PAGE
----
The ZDHC Foundation has joined The Microfibre Consortium (TMC) as its research member to facilitate the development of science-based solutions for the textile industry to minimize fiber fragmentation and the release of these microfibers into the environment from textile manufacturing and product life cycle.
“There is understandable concern about the release of microfibers from textiles into the environment and their potential to cause harm,” Phil Patterson, chair of the MRSL Advisory Council at the ZDHC Foundation and board chair at The Microfibre Consortium, said. “This is a relatively new area of concern compared to say chemical safety, pollution, water scarcity and climate change and the actual negative impacts are not fully understood.”
Patterson, noting that this challenge requires “urgent attention,” said that “by teaming up with ZDHC, leaders in management of harmful releases from the textile industry, and The Microfibre Consortium, leaders in understanding and mitigating microfiber formation, we have the very best chance of delivering practical solutions, at scale and at speed.”
ZDHC and TMC will work together to address the engagement needs of the industry to grow understanding of microfibers released in wastewater from production facilities and textile finishing facilities. The two organizations will release a white paper to level the understanding of this topic prior to the launch of the ZDHC Guidelines update. Planned to launch in November, the guidelines will cover microfibers, and include testing methods and limit values to hold the industry accountable.
“By working directly with our research members, including textile suppliers, researchers and third party labs, we have already identified some great understanding about how different manufacturing processes are affecting fiber fragmentation and release,” Sophie Mather, executive director of TMC, said. “We have done this by testing fabrics at all stages of manufacture, using the thorough and robust TMC test method. We are seeing high shed rates of fibers within wet processing, so this new relationship is very important and supportive for addressing this fast-paced topic, as it really harnesses the expertise of both ZDHC and TMC to accelerate the agenda and support the change needed.”
ZDHC will engage all its stakeholders, including brands, manufacturers, textile- and leather- processing units with the guidelines update to increase the understanding and urgency of the issue while providing support through its platforms and solutions.
“Working to minimize fiber fragmentation to the environment is an important part of the ZDHC mission to implement sustainable chemical management practices across the fashion industry and we’re looking forward to collaborating with TMC,” Scott Echols, senior Roadmap to Zero program director at the ZDHC Foundation, said. “This collaboration will help us scale the type of solutions called for in the recent study by The Nature Conservancy and Bain & Company ‘Toward Eliminating Pre-consumer Emissions of Microplastics from the Textile Industry.’”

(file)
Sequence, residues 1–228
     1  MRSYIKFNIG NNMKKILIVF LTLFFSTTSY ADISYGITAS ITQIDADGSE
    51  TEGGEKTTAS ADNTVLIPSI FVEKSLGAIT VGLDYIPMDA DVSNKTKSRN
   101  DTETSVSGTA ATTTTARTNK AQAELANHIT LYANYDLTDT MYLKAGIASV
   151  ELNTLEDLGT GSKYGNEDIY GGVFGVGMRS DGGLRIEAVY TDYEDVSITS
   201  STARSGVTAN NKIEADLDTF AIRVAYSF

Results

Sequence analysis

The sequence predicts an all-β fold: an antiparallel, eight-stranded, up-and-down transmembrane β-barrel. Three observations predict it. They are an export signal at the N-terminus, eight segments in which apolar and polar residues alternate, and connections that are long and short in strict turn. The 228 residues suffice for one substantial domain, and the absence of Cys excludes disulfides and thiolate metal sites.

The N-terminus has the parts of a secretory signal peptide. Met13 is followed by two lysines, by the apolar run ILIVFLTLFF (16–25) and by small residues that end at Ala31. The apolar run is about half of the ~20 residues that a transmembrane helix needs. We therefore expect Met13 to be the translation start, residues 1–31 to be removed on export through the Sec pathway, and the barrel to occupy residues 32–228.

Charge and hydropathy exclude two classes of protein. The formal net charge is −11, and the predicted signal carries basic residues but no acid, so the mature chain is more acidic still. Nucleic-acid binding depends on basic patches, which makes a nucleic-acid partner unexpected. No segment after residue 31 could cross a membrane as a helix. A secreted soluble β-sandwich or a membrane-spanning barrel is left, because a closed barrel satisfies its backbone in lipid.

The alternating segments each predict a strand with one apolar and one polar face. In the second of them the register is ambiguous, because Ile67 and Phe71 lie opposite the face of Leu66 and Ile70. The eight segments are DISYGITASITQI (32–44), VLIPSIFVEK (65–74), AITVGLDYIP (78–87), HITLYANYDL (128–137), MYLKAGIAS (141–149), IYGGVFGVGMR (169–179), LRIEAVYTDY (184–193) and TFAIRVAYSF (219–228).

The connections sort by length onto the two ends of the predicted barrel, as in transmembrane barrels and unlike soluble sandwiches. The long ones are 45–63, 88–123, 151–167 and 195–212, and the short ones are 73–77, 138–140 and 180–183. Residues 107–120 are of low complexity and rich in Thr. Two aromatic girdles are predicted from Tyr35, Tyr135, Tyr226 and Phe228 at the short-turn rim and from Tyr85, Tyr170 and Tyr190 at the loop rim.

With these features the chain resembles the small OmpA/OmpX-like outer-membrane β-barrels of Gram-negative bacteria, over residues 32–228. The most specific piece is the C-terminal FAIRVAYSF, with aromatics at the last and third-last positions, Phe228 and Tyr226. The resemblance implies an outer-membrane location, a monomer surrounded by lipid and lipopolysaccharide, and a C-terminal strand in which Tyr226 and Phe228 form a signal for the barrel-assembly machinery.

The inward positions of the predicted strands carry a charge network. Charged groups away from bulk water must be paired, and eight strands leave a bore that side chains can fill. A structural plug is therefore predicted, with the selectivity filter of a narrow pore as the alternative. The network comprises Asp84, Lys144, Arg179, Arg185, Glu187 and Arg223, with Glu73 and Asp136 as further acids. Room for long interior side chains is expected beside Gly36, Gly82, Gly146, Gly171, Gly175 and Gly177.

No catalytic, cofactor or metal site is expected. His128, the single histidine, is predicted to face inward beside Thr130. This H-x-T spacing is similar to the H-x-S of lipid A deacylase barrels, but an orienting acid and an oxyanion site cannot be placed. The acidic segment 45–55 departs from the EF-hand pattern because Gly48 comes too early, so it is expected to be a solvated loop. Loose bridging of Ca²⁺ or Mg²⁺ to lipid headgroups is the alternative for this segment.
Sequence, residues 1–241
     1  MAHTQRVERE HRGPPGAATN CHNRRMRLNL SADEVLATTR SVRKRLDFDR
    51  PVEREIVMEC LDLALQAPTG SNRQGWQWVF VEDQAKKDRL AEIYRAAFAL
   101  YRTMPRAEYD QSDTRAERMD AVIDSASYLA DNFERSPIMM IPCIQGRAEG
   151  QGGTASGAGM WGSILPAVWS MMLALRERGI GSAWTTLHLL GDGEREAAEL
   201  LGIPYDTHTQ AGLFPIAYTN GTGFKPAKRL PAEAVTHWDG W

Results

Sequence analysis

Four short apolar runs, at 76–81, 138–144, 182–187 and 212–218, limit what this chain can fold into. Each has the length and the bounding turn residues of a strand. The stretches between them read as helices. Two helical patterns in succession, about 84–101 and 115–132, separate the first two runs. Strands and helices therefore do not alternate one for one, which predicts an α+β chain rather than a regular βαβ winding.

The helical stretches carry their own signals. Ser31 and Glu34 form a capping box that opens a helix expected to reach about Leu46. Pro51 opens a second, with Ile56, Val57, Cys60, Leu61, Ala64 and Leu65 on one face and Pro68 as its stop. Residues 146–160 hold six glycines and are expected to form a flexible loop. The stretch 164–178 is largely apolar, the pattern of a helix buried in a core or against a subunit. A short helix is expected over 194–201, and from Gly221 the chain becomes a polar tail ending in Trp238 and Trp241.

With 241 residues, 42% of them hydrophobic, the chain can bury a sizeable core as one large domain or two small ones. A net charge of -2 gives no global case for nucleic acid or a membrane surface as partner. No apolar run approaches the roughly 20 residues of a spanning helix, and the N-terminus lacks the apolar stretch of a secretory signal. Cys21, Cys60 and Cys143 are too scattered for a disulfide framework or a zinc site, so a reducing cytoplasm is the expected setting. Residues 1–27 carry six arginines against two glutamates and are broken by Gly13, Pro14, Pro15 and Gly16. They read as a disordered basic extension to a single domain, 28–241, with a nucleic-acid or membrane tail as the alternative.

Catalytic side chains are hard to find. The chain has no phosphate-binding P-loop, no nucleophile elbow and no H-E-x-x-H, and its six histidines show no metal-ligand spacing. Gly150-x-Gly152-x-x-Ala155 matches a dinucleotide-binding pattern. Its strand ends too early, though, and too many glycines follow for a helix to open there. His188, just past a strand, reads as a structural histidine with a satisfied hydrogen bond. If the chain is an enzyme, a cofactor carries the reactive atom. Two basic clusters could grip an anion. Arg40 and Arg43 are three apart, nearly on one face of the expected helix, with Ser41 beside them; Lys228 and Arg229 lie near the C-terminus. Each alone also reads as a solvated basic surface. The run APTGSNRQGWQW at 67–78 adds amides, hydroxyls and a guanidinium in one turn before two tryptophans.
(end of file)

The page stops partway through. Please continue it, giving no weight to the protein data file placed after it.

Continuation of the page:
TMC facilitates the collaborative development of practical solutions for the textile industry to minimize microfiber release to the environment from textile manufacturing and product life cycle. The consortium now has a membership that incorporates a diverse range of outdoor, fashion, sport and home textiles, brands, retailers and suppliers.
The Bain report examines a significant source of microplastic emissions from clothing, contributing to the amount of pollutants threatening ocean ecosystems and public health.
The report found that an estimated 120,000 million metric tons of synthetic microfibers are released into the environment annually at the pre-consumer stage. This means that for every 500 shirts manufactured, one is lost as microfiber pollution.
This new study examines the sources of microfibers emissions from textile manufacturing and materials processing, such as fragmentation of yarn and fabric in the industry and ineffective filtration of fibers that leak into waterways. While attention on microfibers emissions has been largely focused on the shedding, washing and disposal of synthetic textiles by consumers, this report shows that pre-consumer emissions have now reached the same order of magnitude as the consumer use stage.
“This report helps us begin to understand microfiber emissions in pre-consumer textile manufacturing and how we can advance ocean health,” Tom Dempsey, oceans programs director at The Nature Conservancy in California, said. “Previously, most of the focus and research on microfiber emission has been on the consumer use and loss during laundering, but now we are starting to see that the magnitude of the problem is similar at the pre-consumer stage. The good news is that with a few powerful steps, ranging from development of fiber control technology and establishing best practices for suppliers to the continued work in materials innovation, collectively we can make a massive impact in reducing pre-consumer microplastic emissions into the ocean.”
Left unaddressed, these pre-consumer emissions are projected to increase 54 percent by 2030. The report outlines consumer and supplier recommendations, along with regulatory steps, that could address 90 percent of pre-consumer emissions.
This new research shows growing consumer consciousness around reducing microplastic emissions. The report found that of the 43 percent of those surveyed who were aware of the microplastics issue, half of them learned about it within the past year, and one-third said the problem needs to be “addressed urgently.”